# Move Further with NumPy Modules

## Ivan Idris

May 2013

(For more resources related to this topic, see here.)

# Linear algebra

Linear algebra is an important branch of mathematics. The numpy.linalg package contains linear algebra functions. With this module, you can invert matrices, calculate eigenvalues, solve linear equations, and determine determinants, among other things.

# Time for action – inverting matrices

The inverse of a matrix A in linear algebra is the matrix A-1, which when multiplied with the original matrix, is equal to the identity matrix I. This can be written, as A* A-1 = I.

The inv function in the numpy.linalg package can do this for us. Let's invert an example matrix. To invert matrices, perform the following steps:

1. We will create the example matrix with the mat.

```A = np.mat("0 1 2;1 0 3;4 -3 8")
print "A\n", A```

The A matrix is printed as follows:

```A
[[ 0 1 2]
[ 1 0 3]
[ 4 -3 8]]```
2. Now, we can see the inv function in action, using which we will invert the matrix.

```inverse = np.linalg.inv(A)
print "inverse of A\n", inverse```

The inverse matrix is shown as follows:

```inverse of A
[[-4.5 7. -1.5]
[-2. 4. -1. ]
[ 1.5 -2. 0.5]]```

If the matrix is singular or not square, a LinAlgError exception is raised. If you want, you can check the result manually. This is left as an exercise for the reader.

3. Let's check what we get when we multiply the original matrix with the result of the inv function:

`print "Check\n", A * inverse`

The result is the identity matrix, as expected.

`Check[[ 1. 0. 0.][ 0. 1. 0.][ 0. 0. 1.]]`

## What just happened?

We calculated the inverse of a matrix with the inv function of the numpy.linalg package. We checked, with matrix multiplication, whether this is indeed the inverse matrix.

`import numpy as npA = np.mat("0 1 2;1 0 3;4 -3 8")print "A\n", Ainverse = np.linalg.inv(A)print "inverse of A\n", inverseprint "Check\n", A * inverse`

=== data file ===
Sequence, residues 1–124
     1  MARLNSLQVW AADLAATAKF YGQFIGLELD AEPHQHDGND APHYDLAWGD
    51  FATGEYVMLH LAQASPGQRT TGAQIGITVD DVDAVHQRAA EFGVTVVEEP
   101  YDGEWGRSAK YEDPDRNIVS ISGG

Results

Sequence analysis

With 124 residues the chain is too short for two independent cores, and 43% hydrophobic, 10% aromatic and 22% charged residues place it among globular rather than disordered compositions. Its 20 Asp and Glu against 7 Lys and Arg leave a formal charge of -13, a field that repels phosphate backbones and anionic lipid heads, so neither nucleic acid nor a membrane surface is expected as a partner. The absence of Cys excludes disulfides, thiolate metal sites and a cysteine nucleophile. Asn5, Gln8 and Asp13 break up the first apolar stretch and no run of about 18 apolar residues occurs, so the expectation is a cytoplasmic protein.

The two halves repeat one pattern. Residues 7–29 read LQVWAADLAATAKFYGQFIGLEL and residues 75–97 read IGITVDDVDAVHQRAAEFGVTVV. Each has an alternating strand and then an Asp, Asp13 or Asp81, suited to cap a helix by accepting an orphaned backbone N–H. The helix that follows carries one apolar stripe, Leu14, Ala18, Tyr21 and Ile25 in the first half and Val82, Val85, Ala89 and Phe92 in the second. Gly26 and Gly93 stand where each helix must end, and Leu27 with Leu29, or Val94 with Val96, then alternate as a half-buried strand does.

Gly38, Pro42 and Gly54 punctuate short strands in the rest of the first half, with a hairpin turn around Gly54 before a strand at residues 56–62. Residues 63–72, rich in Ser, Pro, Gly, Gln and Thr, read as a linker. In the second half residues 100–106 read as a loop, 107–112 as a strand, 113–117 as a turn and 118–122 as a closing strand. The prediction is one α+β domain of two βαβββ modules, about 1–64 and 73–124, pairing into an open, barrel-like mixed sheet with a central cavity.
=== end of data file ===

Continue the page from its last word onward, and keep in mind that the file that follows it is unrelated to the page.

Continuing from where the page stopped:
# Solving linear systems

A matrix transforms a vector into another vector in a linear way. This transformation mathematically corresponds to a system of linear equations. The numpy.linalg function, solve, solves systems of linear equations of the form Ax = b; here A is a matrix, b can be 1D or 2D array, and x is an unknown variable. We will see the dot function in action. This function returns the dot product of two floating-point arrays.

# Time for action – solving a linear system

Let's solve an example of a linear system. To solve a linear system, perform the following steps:

1. Let's create the matrices A and b.

`iA = np.mat("1 -2 1;0 2 -8;-4 5 9")print "A\n", Ab = np.array([0, 8, -9])print "b\n", b`

The matrices A and b are shown as follows:

2. Solve this linear system by calling the solve function.

`x = np.linalg.solve(A, b)print "Solution", x`

The following is the solution of the linear system:

`Solution [ 29. 16. 3.]`
3. Check whether the solution is correct with the dot function.

`print "Check\n", np.dot(A , x)`

The result is as expected:

`Check[[ 0. 8. -9.]]`

## What just happened?

We solved a linear system using the solve function from the NumPy linalg module and checked the solution with the dot function.

`import numpy as npA = np.mat("1 -2 1;0 2 -8;-4 5 9")print "A\n", Ab = np.array([0, 8, -9])print "b\n", bx = np.linalg.solve(A, b)print "Solution", xprint "Check\n", np.dot(A , x)`

# Finding eigenvalues and eigenvectors

Eigenvalues are scalar solutions to the equation Ax = ax, where A is a two-dimensional matrix and x is a one-dimensional vector. Eigenvectors are vectors corresponding to eigenvalues. The eigvals function in the numpy.linalg package calculates eigenvalues. The eig function returns a tuple containing eigenvalues and eigenvectors.

# Time for action – determining eigenvalues and eigenvectors

Let's calculate the eigenvalues of a matrix. Perform the following steps to do so:

1. Create a matrix as follows:

`A = np.mat("3 -2;1 0")print "A\n", A`

The matrix we created looks like the following:

`A[[ 3 -2][ 1 0]]`
2. Calculate eigenvalues by calling the eig function.

`print "Eigenvalues", np.linalg.eigvals(A)`

The eigenvalues of the matrix are as follows:

`Eigenvalues [ 2. 1.]`
3. Determine eigenvalues and eigenvectors with the eig function. This function returns a tuple, where the first element contains eigenvalues and the second element contains corresponding Eigenvectors, arranged column-wise.